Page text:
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TransLink’s AA credit rating: what it means for the transportation system

TransLink’s two rating agencies – Dominion Bond Rating Service and Moody’s – have both just reaffirmed TransLink’s credit rating as AA stable.

I know some of your eyes may have glazed over a tiny bit when you read that. But if you’re interested in TransLink and how we deliver our transportation services, it’s worth understanding why having such good credit ratings is so important.

To explain what the credit rating confirmation means, I chatted with Derek Bacchioni, TransLink’s Treasury Manager.

Derek Bacchioni, TransLink Treasury Manager

Derek Bacchioni, TransLink Treasury Manager

Who are you and what do you do at TransLink?

I’m TransLink’s Treasury Manager. I’m primarily responsible for helping manage TransLink’s cash flows to make sure TransLink has sufficient cash available to pay its payroll and bills on time. An integral part of managing these cash flows is looking after TransLink’s investments and also its short-term and long-term borrowings programs.

Why did TransLink’s rating agencies just reaffirm TransLink’s credit ratings?

Both DBRS and Moody’s undertake an annual review of TransLink’s finances. After they finish their review, they produce a report that states their opinion of TransLink’s financial health and stability. In general, there are a number of things that support TransLink’s positive credit ratings:

  • TransLink has diversified revenue sources (e.g. fuel tax, property tax and fares) that are fairly stable and predictable.
  • Transit ridership is growing.
  • We’re considered to have conservative and strong management.
  • Rating agencies consider our governance model as a strength, but recognize the challenges it creates.
  • Our legislation requires us to prepare a plan and budget each year (e.g. our Base Plan).
  • TransLink has conservative financial policies, especially regarding debt management and maintaining minimum reserves and contingencies.

Between their annual reviews our rating agencies also keep an eye on any major developments that could impact TransLink’s financial health and stability. If they feel that something has transpired that would change their opinion on our financial situation they could unilaterally decide to change our credit rating either up or down.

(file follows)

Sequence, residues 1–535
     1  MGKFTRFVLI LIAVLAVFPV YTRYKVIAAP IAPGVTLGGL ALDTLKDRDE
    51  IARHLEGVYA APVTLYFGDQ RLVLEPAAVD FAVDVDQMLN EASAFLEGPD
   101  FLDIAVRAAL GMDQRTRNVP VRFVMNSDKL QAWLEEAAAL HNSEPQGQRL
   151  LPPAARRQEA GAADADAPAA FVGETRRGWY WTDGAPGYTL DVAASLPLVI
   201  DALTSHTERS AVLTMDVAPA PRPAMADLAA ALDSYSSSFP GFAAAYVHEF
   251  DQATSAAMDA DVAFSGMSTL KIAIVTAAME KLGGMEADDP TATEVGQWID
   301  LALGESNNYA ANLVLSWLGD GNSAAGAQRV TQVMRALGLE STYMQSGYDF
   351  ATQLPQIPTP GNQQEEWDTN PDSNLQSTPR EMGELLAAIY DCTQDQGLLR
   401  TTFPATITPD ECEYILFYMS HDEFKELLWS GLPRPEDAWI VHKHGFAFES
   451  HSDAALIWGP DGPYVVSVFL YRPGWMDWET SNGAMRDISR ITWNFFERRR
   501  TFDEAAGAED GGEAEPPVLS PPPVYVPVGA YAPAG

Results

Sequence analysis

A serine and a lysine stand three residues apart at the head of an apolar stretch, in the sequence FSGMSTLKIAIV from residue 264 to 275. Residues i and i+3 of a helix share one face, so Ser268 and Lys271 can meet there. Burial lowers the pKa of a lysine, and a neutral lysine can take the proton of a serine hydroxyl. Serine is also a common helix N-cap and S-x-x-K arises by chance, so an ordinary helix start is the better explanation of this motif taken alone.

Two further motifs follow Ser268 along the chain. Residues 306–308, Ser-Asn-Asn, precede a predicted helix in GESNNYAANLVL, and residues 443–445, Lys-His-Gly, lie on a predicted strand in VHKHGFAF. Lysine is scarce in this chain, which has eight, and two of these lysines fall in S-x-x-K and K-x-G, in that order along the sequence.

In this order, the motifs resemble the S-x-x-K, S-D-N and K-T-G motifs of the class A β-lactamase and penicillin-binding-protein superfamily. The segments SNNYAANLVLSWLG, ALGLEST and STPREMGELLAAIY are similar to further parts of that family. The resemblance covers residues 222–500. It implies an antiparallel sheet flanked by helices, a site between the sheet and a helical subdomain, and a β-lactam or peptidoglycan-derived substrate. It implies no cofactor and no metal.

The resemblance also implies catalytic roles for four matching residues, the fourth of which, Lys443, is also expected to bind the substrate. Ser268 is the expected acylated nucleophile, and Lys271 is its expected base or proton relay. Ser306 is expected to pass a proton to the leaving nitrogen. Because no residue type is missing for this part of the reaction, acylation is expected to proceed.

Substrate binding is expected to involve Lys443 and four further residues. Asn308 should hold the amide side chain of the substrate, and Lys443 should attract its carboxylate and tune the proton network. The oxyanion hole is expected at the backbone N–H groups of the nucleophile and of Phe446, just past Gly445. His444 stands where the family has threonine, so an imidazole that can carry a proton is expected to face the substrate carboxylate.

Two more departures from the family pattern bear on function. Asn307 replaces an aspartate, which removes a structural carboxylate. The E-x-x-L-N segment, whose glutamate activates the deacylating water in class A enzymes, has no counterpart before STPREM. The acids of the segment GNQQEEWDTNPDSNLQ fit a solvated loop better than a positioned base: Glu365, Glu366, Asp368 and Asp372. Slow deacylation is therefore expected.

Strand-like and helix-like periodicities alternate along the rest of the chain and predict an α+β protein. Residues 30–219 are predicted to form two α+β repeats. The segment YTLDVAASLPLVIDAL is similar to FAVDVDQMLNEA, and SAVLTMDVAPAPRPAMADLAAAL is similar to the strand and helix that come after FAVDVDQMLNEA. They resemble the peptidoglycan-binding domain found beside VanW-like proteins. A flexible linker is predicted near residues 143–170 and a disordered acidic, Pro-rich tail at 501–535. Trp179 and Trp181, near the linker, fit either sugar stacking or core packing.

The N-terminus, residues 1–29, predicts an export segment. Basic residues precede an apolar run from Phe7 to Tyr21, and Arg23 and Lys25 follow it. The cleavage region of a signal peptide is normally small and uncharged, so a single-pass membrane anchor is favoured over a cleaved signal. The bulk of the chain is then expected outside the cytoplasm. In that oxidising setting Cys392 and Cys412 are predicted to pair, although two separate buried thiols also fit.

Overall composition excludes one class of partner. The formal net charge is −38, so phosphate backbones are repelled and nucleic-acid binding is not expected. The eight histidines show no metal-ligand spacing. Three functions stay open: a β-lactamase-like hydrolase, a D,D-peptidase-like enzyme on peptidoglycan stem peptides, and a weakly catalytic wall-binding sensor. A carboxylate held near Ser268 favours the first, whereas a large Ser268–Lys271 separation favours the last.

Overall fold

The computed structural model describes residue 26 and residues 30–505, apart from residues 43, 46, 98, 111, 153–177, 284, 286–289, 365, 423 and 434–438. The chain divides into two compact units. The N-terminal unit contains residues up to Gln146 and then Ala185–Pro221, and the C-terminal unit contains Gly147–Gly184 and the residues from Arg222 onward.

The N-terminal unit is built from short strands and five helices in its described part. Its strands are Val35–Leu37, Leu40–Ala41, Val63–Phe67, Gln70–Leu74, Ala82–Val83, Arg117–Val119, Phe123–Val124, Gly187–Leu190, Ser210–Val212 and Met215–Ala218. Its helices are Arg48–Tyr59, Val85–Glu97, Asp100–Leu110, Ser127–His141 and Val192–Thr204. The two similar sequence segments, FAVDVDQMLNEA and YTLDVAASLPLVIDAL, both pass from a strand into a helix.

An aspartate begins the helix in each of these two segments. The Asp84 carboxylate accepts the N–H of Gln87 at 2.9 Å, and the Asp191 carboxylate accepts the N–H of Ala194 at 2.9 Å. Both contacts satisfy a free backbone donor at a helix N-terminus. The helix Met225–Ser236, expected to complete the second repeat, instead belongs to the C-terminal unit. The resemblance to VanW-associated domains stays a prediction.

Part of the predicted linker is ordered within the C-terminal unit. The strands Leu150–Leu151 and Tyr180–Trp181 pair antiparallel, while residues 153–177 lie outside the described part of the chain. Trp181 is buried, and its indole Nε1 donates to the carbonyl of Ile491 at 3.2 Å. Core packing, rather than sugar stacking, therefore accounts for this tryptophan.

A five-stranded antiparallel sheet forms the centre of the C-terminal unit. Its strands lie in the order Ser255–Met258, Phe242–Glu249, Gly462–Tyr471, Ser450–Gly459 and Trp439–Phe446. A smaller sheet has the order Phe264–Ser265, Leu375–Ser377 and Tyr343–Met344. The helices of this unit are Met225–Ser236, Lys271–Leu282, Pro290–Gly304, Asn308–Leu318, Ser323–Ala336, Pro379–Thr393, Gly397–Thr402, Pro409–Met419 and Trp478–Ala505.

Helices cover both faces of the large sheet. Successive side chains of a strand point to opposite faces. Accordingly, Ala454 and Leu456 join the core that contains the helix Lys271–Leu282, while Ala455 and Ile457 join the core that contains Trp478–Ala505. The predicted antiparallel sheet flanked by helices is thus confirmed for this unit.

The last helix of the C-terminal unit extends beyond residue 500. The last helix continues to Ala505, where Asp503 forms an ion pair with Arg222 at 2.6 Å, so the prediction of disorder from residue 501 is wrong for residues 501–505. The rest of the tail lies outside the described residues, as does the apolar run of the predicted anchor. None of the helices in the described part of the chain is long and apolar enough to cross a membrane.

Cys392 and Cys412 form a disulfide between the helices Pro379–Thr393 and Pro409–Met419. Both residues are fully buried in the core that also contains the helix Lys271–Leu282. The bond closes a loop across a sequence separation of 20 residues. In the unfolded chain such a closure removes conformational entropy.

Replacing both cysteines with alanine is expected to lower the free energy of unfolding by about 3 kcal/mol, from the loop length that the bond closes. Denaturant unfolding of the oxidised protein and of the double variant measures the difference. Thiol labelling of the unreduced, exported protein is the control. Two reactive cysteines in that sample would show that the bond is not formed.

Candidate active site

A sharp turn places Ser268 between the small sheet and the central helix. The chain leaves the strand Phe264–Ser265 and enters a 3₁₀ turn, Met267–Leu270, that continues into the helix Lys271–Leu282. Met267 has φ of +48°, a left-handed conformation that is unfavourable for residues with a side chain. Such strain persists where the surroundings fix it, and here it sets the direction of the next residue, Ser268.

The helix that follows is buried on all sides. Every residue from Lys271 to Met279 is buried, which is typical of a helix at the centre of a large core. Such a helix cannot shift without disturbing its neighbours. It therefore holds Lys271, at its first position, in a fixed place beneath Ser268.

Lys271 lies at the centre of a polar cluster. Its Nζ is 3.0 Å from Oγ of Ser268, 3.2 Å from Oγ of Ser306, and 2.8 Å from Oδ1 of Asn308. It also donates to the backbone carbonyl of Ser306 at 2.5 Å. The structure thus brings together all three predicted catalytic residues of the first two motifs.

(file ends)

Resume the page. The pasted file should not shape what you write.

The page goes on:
Why are credit ratings so important for TransLink?

TransLink borrows money so that we can invest these funds into the assets and infrastructure of the transportation system we operate. Credit ratings are one of the primary ways that both bankers and investors – current and potential – gauge our financial health and stability. Credit ratings help them decide whether or not they are willing to lend or continue to lend money to TransLink and, if so, at what rate of interest.

It would be much more difficult for TransLink to borrow funds if we didn’t have a credit rating. Or we would have to borrow at a much higher rate of interest, because our investors would have to do a lot more work to continually monitor TransLink’s financial health and stability. Thus, our bankers and investors rely a lot on the independent assessments made by our credit rating agencies.

How much has TransLink raised from investors, and what is it using the money for?

To date TransLink has raised $750 million from longer-term investors. These funds have been primarily invested in buses, SkyTrain vehicles, road and bridge improvements, and many more physical assets and system upgrades which help us provide a safe and reliable transportation system throughout Metro Vancouver.

Thanks, Derek!

As always, please post your comments and questions here, and Derek and I will get you the answers!

Author: Tina Robinson


3 Comments

  • By Dennis Piva, November 1, 2013 @ 3:53 pm

    I’m curious as to why Translink’s borrowing isn’t done through the Municipal Finance Authority or the Provincial government – they both have a “AAA” rating which would make the borrowing costs even lower.

  • By Tina Robinson - Buzzer Contributor, November 4, 2013 @ 1:57 pm

    This is a great question! I’ve asked Derek, and here’s his response:

    The way we are set up legislatively, the Province of BC cannot borrow on our behalf and we borrow independent of the province. If we were a crown corporation this would be different, but TransLink is an independent entity, not a crown corporation.

    With respect to the MFA of BC, up to spring 2009, it was our sole source of debt financing. However, we no longer borrow through the MFA for a variety of reasons. One reason is that going directly to the market gives us more flexibility on how and when we go to the market. Another important reason is the fact that we are a very large entity, and it makes sense for an organization like ours to go directly to the market as we are of the size and have the capacity to do so. The MFA isn’t really meant to meet the needs of an organization of our size and borrowing needs — if we were to go through the MFA, we would constitute a disproportionate portion of their portfolio and thus could negatively affect their AAA credit rating.

    It’s worth noting that the City of Vancouver is similar. It too could go through the MFA, but instead it too goes direct to the market.

  • By REDAIR, December 22, 2013 @ 1:47 am

    Transport or transportation is the action of people, animals and items from one place to another. Ways of transport involve air, practice, road, water, cable, route and area. So thanks for sharing your information…

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